survey than did women (OR 1.78; 95%-CI 1.38, 2.30).
The contents of this effect parameter based on the odds ratio
correspond to one based on a Cohen’s d value of d1 0.32
(Hasselblad & Hedges, 1995). Consequently, the sex difference is significant in the non-forced-response group, which
indicates the natural baseline without forced-response intervention. The comparisons in the forced-response group
FIG. 3.
Kaplan–Meier survival curve with sex as the grouping variable.
DOI: 10.1002/asi
TABLE 3. Frequencies in the forced-response and non-forced-response group separated by whether participation was aborted (dropout)
or not (carry-on).
Sex (total)
Forced-response group
Non-forced-response group
Sex in the dropout conditions was determined from the forenames in the online address book of the University of Vienna.
(OR 1.33; 95%-CI 0.95, 1.86; d1 0.16) and those for
the dropouts (forced-response vs. non-forced-response group:
OR 1.41; 95%-CI 0.97, 2.03; d1 0.19) and the carry-on
condition (forced-response vs. non-forced-response group:
OR 1.05; 95%-CI 0.85, 1.30; d1 0.03) yielded no significant sex differences, indicating that a natural sex difference
in dropout was leveled by the forced-response design.
We will now examine whether the forced-response design
also affected the quality of responses to the survey.
Does the Forced-Response Design Bias Results?
Next, we examined whether the forced-response design
led to divergent results in the subsequent answers (i.e., signs
of reactance). According to reactance theory, participants
who show reactance no longer answer in a manner consistent with the expected response behavior for the content
domain at hand. They either strengthen or weaken expected
response behavior or answer at random. Sometimes they
even answer in opposition to the theory-based expectations
(i.e., boomerang effect). Furthermore, we assume that reactance will most likely affect the item where the error occurred; that is, where attempted skipping took place (i.e.,
strong reactance). Items following this item will show less
and less influence by reactance, with increasing distance.
To examine this point more precisely, the two dichotomous Items 1 and 2 and the Likert-scaled Items 3, 4, and 10
were analyzed in more detail. Items 5 to 9 were dropped
because of too few cases of attempted skipping. Figure 4
shows the ORs for Items 1 and 2, compared for both groups.
If reactance took place, then participants would select
answers to Items 1 and 2 randomly, with a resulting OR of
about 1. Exactly this pattern was found for Items 1 and 2
in the forced-response group, but not in the non-forced
response group (see Figure 4). For the item following the
item where attempted skipping took place, weaker reactance
should occur. Figure 4 shows that the ORs for the follow-up
item were around those for the non-forced-response group.
For Items 3 to 10, it was possible to analyze a possible
reactance effect over time. Therefore, we computed means
for Items 3 to 10 separately for the forced-response and nonforced-response groups and for any distance between the
analyzed item and the item where attempted skipping took
place. For example, if analyzing Item 3, we compared four
different distances: (a) the means on Item 3 when attempted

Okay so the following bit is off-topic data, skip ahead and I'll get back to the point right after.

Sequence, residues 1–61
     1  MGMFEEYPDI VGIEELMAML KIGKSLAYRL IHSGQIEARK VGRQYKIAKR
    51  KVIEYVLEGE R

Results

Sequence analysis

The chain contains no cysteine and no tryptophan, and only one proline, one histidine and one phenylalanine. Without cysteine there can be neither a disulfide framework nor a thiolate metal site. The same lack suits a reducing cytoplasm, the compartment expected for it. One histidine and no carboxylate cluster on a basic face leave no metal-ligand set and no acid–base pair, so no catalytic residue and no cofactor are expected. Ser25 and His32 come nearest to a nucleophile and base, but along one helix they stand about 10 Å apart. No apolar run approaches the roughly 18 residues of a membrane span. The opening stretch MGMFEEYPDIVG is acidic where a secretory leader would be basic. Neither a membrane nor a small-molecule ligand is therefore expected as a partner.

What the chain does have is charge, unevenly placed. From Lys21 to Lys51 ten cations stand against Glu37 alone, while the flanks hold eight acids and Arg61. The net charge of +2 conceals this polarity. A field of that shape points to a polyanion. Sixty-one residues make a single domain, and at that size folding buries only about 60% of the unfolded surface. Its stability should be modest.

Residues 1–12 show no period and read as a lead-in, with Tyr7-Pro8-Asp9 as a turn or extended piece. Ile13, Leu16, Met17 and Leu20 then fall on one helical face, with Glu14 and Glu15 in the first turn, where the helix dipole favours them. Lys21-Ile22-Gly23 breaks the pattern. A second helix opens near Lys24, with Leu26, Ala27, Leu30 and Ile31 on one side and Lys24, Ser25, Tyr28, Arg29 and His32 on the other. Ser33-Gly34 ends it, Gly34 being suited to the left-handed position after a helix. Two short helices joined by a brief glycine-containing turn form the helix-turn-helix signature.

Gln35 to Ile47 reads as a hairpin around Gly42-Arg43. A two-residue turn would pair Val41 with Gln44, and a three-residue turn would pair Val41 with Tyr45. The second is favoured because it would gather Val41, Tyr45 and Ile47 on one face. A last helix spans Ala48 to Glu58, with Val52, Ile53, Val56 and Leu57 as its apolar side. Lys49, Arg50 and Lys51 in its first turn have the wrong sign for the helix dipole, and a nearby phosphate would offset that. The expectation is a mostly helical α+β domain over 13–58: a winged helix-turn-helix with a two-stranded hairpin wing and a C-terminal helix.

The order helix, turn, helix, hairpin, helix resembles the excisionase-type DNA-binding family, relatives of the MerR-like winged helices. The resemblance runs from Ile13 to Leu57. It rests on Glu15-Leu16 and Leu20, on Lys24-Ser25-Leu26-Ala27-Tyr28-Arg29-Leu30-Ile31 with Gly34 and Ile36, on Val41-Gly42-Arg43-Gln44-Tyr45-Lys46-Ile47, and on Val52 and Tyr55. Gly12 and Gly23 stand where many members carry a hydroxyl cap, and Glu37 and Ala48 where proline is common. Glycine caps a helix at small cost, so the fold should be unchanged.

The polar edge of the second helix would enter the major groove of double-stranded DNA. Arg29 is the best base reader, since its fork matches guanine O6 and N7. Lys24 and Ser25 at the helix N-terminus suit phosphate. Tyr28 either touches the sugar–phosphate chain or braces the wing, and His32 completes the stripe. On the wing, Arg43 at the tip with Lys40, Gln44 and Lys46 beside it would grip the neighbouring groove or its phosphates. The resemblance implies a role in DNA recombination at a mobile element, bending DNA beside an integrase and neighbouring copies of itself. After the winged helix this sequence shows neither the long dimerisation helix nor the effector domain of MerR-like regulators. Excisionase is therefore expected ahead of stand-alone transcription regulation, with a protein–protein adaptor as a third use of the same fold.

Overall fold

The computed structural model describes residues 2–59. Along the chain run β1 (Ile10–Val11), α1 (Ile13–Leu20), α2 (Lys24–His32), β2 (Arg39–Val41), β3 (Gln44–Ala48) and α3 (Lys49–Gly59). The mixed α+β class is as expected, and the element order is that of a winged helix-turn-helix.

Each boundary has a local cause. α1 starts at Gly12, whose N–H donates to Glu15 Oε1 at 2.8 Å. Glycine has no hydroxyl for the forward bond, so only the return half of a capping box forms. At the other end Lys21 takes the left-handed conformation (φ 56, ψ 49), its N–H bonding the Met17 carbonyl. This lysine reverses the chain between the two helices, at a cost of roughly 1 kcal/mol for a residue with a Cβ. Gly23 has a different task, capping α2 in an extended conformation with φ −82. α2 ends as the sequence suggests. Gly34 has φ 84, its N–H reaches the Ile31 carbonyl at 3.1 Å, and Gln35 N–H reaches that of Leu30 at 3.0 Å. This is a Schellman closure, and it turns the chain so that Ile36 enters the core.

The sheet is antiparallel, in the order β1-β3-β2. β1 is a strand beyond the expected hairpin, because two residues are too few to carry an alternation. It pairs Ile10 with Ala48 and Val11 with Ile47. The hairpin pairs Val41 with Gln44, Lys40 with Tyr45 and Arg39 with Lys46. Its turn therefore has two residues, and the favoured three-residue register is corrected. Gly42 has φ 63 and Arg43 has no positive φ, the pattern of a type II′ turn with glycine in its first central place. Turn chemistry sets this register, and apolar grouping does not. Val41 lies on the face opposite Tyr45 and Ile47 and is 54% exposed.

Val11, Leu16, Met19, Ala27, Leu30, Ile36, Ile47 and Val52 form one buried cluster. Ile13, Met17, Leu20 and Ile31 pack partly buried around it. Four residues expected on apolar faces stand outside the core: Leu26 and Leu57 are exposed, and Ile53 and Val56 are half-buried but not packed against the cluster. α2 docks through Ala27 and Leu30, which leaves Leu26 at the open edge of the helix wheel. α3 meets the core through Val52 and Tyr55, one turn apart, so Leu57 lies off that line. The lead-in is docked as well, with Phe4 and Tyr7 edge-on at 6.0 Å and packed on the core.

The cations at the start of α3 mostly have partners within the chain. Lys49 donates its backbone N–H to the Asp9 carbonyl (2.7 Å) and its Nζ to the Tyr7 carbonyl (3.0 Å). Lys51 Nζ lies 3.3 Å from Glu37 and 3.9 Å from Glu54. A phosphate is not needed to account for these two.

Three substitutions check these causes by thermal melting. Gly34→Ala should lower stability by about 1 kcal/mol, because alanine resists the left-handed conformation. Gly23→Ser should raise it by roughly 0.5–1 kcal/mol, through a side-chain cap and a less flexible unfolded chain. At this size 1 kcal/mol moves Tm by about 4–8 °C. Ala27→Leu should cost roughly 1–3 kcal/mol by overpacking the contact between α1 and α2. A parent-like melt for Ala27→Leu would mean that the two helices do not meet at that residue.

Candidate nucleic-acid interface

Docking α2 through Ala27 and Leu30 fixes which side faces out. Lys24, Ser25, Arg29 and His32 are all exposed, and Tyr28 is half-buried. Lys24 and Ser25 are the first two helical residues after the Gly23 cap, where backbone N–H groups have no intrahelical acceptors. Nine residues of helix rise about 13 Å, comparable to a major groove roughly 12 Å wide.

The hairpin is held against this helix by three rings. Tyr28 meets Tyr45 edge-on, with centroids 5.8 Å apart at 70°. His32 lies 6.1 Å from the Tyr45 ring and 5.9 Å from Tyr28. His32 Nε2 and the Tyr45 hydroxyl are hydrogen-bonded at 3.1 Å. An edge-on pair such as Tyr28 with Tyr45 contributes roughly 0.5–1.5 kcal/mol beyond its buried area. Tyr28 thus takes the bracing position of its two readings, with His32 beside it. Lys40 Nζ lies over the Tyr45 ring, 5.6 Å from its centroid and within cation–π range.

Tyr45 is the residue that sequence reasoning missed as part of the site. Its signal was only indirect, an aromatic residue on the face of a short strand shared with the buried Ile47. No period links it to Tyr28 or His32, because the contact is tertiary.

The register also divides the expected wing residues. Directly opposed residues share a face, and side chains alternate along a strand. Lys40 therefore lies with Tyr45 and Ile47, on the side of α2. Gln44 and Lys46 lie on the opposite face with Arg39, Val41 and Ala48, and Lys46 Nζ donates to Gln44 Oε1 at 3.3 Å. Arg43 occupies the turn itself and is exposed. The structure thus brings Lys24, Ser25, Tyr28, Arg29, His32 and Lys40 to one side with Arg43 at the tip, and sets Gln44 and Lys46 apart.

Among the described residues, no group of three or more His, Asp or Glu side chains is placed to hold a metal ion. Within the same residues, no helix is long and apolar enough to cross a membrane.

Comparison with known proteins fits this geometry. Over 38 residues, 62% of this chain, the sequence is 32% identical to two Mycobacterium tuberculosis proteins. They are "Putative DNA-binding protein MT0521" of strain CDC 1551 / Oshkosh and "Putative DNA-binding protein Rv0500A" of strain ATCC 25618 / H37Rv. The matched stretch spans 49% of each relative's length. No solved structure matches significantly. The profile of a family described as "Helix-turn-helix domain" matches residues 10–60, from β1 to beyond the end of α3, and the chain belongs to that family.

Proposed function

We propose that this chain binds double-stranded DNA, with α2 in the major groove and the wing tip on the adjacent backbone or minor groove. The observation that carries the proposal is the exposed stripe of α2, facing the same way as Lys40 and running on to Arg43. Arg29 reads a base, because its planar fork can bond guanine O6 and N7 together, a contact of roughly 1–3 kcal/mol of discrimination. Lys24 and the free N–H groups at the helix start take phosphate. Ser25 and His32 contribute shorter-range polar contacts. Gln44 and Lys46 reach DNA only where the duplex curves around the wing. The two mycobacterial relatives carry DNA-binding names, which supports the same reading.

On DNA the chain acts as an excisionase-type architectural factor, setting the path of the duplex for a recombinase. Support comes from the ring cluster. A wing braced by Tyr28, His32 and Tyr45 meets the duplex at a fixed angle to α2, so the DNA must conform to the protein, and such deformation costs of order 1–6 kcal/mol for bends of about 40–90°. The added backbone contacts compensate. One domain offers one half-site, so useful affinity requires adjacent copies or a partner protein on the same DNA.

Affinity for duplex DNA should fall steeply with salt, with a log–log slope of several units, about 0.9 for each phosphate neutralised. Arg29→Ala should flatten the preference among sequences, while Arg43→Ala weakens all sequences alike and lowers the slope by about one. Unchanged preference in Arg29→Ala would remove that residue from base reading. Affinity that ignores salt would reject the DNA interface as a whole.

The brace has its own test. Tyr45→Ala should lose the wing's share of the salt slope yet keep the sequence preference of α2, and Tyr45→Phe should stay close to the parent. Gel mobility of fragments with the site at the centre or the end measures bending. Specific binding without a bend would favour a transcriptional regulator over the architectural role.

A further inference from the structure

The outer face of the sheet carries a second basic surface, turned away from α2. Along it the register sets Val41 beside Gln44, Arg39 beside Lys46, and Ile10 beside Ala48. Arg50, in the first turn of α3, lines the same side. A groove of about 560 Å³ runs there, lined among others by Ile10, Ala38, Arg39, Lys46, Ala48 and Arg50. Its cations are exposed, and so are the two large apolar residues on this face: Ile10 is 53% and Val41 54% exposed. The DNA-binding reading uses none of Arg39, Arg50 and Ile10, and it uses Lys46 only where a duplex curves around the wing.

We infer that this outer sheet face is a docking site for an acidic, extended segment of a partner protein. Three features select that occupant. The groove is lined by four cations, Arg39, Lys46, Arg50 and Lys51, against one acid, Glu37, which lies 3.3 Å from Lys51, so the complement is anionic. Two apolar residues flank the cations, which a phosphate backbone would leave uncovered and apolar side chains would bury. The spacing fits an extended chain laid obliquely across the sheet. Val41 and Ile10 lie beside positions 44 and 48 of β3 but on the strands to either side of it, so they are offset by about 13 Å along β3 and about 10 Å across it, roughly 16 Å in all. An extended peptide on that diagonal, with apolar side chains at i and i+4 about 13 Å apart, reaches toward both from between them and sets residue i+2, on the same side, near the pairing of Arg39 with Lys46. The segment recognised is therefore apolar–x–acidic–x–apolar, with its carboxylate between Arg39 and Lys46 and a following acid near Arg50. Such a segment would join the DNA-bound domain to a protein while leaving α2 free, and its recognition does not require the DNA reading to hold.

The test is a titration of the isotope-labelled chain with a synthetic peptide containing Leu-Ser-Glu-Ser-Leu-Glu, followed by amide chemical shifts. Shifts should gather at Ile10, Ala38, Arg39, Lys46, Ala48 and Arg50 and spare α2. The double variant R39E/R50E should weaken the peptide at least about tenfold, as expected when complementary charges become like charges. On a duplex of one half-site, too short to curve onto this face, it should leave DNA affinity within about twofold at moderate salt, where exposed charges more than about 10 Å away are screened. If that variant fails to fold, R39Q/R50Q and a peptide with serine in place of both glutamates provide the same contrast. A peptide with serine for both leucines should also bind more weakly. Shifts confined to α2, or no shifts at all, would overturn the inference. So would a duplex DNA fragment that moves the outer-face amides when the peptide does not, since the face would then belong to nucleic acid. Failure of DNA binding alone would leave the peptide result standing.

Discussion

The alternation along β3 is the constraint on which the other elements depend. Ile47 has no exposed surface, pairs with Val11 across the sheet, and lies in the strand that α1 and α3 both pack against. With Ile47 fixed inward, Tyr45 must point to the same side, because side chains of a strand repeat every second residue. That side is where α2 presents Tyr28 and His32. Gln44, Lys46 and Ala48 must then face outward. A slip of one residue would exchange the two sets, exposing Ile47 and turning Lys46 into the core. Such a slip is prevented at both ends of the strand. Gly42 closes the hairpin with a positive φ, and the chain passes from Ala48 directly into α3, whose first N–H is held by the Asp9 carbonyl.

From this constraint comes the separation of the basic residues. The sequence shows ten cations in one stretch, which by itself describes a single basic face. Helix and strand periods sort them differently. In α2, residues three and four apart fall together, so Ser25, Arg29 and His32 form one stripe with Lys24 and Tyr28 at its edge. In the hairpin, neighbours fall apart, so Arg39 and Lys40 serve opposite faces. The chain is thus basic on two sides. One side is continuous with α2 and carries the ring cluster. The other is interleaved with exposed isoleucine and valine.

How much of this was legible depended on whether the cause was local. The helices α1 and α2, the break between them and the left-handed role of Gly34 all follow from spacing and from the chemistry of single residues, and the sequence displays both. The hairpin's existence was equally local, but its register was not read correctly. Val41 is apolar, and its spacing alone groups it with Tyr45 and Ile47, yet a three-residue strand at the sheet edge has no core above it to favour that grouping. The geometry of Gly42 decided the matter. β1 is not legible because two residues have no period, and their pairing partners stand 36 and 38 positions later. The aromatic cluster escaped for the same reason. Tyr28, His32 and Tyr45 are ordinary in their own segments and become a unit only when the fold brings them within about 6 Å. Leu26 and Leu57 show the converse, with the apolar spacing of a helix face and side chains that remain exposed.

skipping took place on exactly this item (distance 0);
(b) the means on Item 3 when attempted skipping took place
on the item before, which is Item 2 (distance 1); (c) the
means on Item 3 when attempted skipping took place on
Item 1 (distance 2); and (d) when attempted skipping took
place on the demographic questions (distance 3). This was
done for all items. For all distances, a mean difference score
FIG. 4.
Reactance effect for Items 1 and 2.
DOI: 10.1002/asi
FIG. 5.
Reactance effect over time for Items 3 to 10.
between forced-response and non-forced-response groups
was computed. A first comparison shows the highest difference between both groups when attempted skipping directly
took place at the item of interest, mean difference 0.43;
range 1–5. This difference reached statistical significance,
one-sample t test: t 5.41, df 2, p .032. As predicted,
the difference declines with temporal distance to the attempted skipping, standardized Jonckheere-Terpstra statistic
3.10, p .002 (see Figure 5).
The analyses conducted here also showed that forcedresponse has a substantial effect on dropout behavior that is
further moderated by the participant’s sex. Sex-specific
dropout was observed among those participants who did not
attempt to skip an item: Males dropped out about twice as frequently as did females. This sex difference was no longer seen
among participants in the forced-response group. In summary,
the topic of jealousy/sexuality may have had a differential effect on the participants, but the forced-response design leveled
out this difference. Further analyses of the answers to Items 1
to 10 revealed a tendency in response behavior that is consistent with reactance (but not the boomerang effect), according
to reactance theory. The strongest reactance effect was found
on the items where attempted skipping took place.
We found that a forced-response design has a major impact on the replies to the items and the dropout. The latter also
shows a sex-specific difference, but only for those participants who did not generate an error page (i.e., those who did
not attempt to skip an item and were thus unaware of the
forced-response character of the survey). This sex difference